The distribution of dark matter in clusters is mapped by measuring the bending of light — the gravitational lensing effect — that they produce. The gravity of dark matter concentrated in clusters magnifies and warps light from distant background objects. This effect produces distortions in the shapes of background galaxies which appear in images of the clusters. Gravitational lensing can often also produce multiple images of the same distant galaxy.

The higher the concentration of dark matter in a cluster, the more dramatic its light-bending effect. The presence of smaller-scale clumps of dark matter associated with individual cluster galaxies enhances the level of distortions. In some sense, the galaxy cluster acts as a large-scale lens that has many smaller lenses embedded within it.

Hubble’s crisp images were taken by the telescope’s Wide Field Camera 3 and Advanced Camera for Surveys. Coupled with spectra from the European Southern Observatory’s Very Large Telescope (VLT), the team produced an accurate, high-fidelity, dark-matter map. By measuring the lensing distortions astronomers could trace out the amount and distribution of dark matter. The three key galaxy clusters, MACS J1206.2-0847, MACS J0416.1-2403, and Abell S1063, were part of two Hubble surveys: The Frontier Fields and the Cluster Lensing And Supernova survey with Hubble (CLASH) programs.

To the team’s surprise, in addition to the dramatic arcs and elongated features of distant galaxies produced by each cluster’s gravitational lensing, the Hubble images also revealed an unexpected number of smaller-scale arcs and distorted images nested near each cluster’s core, where the most massive galaxies reside. The researchers believe the nested lenses are produced by the gravity of dense concentrations of matter inside the individual cluster galaxies. Follow-up spectroscopic observations measured the velocity of the stars orbiting inside several of the cluster galaxies to therby pin down their masses.

“The data from Hubble and the VLT provided excellent synergy,” shared team member Piero Rosati of the Università degli Studi di Ferrara in Italy, who led the spectroscopic campaign. “We were able to associate the galaxies with each cluster and estimate their distances.”

“The speed of the stars gave us an estimate of each individual galaxy’s mass, including the amount of dark matter,” added team member Pietro Bergamini of the INAF-Observatory of Astrophysics and Space Science in Bologna, Italy.

By combining Hubble imaging and VLT spectroscopy, the astronomers were able to identify dozens of multiply imaged, lensed, background galaxies. This allowed them to assemble a well-calibrated, high-resolution map of the mass distribution of dark matter in each cluster.

The team compared the dark-matter maps with samples of simulated galaxy clusters with similar masses, located at roughly the same distances. The clusters in the computer model did not show any of the same level of dark-matter concentration on the smallest scales — the scales associated with individual cluster galaxies.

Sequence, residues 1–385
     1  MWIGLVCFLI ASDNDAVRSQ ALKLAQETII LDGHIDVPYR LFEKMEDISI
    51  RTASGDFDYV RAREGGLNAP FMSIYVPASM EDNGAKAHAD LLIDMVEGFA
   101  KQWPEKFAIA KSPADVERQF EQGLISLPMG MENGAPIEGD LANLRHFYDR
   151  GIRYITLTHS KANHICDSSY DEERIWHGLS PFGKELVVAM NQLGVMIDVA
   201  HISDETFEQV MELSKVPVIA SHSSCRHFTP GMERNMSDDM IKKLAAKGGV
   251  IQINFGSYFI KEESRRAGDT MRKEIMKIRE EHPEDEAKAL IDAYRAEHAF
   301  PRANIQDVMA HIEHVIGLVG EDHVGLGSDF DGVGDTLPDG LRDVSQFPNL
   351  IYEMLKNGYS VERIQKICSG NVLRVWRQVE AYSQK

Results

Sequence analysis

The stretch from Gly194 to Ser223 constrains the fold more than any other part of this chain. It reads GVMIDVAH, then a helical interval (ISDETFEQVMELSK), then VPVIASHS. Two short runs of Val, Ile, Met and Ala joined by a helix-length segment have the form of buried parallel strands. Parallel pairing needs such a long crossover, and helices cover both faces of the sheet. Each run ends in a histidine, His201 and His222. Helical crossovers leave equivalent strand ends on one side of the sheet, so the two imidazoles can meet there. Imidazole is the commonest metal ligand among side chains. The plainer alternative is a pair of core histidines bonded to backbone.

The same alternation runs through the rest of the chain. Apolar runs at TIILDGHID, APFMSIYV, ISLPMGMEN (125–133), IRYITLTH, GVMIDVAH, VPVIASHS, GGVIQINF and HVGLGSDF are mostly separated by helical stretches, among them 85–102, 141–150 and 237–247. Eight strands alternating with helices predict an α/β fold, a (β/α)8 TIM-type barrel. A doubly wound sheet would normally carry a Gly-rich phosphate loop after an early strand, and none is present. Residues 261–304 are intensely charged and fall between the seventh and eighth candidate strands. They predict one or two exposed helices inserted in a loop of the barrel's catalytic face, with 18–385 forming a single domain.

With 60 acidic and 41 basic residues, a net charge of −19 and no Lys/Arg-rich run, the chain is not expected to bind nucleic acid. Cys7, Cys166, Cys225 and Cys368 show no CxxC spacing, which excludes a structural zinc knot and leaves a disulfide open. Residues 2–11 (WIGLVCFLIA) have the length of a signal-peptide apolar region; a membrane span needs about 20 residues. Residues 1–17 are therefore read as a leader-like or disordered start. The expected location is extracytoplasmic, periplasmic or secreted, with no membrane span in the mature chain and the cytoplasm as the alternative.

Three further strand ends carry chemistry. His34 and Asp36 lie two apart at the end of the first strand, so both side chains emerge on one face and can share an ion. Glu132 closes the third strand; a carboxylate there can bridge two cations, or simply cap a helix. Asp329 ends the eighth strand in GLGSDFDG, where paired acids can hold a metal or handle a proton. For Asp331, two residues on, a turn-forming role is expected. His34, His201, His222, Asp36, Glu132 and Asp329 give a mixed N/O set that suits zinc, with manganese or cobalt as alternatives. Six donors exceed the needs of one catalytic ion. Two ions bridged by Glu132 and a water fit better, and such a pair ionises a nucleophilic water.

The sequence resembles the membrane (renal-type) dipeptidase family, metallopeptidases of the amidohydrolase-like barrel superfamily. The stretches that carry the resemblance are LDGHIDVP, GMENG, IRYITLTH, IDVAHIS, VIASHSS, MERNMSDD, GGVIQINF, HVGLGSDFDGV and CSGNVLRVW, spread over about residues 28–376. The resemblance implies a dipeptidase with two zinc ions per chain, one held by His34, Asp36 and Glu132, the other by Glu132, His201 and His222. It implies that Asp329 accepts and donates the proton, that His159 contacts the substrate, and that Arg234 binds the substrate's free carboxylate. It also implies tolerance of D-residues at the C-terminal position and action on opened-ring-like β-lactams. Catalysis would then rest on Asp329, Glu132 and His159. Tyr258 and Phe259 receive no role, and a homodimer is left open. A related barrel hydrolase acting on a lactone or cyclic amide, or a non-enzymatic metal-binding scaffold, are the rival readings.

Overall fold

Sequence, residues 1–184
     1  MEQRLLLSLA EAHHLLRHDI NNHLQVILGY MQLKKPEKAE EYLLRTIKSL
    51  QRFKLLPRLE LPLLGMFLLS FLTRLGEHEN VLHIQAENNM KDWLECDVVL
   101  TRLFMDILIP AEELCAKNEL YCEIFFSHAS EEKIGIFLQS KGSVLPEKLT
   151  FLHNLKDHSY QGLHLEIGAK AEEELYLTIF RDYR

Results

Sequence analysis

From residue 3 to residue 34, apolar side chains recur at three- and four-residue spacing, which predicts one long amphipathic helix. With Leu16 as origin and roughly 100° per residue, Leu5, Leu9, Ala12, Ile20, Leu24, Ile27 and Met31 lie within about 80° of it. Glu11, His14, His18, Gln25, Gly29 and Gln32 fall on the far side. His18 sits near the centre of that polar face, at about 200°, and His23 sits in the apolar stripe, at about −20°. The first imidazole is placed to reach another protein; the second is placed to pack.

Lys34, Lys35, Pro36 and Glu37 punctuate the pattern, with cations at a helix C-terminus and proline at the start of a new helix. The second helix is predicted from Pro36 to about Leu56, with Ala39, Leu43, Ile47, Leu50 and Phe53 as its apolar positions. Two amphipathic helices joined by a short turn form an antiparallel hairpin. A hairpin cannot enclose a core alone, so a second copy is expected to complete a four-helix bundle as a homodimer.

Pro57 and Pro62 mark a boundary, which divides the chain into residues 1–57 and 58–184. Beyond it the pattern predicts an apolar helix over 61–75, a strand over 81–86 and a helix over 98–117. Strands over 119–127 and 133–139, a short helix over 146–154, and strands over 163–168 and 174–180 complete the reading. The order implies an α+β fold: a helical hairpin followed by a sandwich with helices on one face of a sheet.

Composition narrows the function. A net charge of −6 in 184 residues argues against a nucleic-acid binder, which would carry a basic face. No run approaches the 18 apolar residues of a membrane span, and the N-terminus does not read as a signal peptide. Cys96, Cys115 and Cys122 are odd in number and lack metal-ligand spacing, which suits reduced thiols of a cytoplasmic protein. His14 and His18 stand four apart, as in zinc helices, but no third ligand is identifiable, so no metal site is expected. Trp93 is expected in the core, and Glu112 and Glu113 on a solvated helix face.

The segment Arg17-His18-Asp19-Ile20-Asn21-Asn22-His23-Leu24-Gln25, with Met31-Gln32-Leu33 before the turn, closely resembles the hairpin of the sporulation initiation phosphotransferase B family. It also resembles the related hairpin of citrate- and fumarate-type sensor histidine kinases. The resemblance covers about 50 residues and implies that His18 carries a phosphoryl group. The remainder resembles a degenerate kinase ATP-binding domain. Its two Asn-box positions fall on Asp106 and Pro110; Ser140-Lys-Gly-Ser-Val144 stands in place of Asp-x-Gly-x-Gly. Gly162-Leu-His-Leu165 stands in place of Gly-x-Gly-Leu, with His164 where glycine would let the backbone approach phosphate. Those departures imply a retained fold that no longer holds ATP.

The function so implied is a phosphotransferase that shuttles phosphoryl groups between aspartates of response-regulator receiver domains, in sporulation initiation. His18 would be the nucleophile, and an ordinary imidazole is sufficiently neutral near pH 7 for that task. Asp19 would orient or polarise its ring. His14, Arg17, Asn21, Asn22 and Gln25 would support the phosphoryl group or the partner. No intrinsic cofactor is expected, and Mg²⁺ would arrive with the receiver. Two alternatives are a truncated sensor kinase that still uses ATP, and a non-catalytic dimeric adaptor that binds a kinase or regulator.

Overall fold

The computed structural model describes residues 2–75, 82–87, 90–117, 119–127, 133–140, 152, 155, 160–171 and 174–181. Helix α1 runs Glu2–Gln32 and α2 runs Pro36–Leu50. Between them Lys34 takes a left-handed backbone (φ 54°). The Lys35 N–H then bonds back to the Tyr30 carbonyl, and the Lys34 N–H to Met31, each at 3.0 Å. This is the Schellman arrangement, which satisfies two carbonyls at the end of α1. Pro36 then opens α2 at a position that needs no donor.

“The results of these analyses further demonstrate how observations and numerical simulations go hand in hand,” said team member Elena Rasia of the INAF-Astronomical Observatory of Trieste, Italy.

“With high-resolution simulations, we can match the quality of observations analysed in our paper, permitting detailed comparisons like never before,” added Stefano Borgani of the Università degli Studi di Trieste, Italy.

Astronomers, including those of this team, look forward to continuing to probe dark matter and its mysteries in order to finally pin down its nature.

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Study rules out dark matter destruction as origin of extra radiation in galaxy center

The detection more than a decade ago by the Fermi Gamma Ray Space Telescope of an excess of high-energy radiation in the center of the Milky Way convinced some physicists that they were seeing evidence of the annihilation of dark matter particles, but a team led by researchers at the University of California, Irvine has ruled out that interpretation.

In a paper published recently in the journal Physical Review D, the UCI scientists and colleagues at Virginia Polytechnic Institute and State University and other institutions report that — through an analysis of the Fermi data and an exhaustive series of modeling exercises — they were able to determine that the observed gamma rays could not have been produced by what are called weakly interacting massive particles, most popularly theorized as the stuff of dark matter.

By eliminating these particles, the destruction of which could generate energies of up to 300 giga-electron volts, the paper’s authors say, they have put the strongest constraints yet on dark matter properties.

“For 40 years or so, the leading candidate for dark matter among particle physicists was a thermal, weakly interacting and weak-scale particle, and this result for the first time rules out that candidate up to very high-mass particles,” said co-author Kevork Abazajian, UCI professor of physics & astronomy.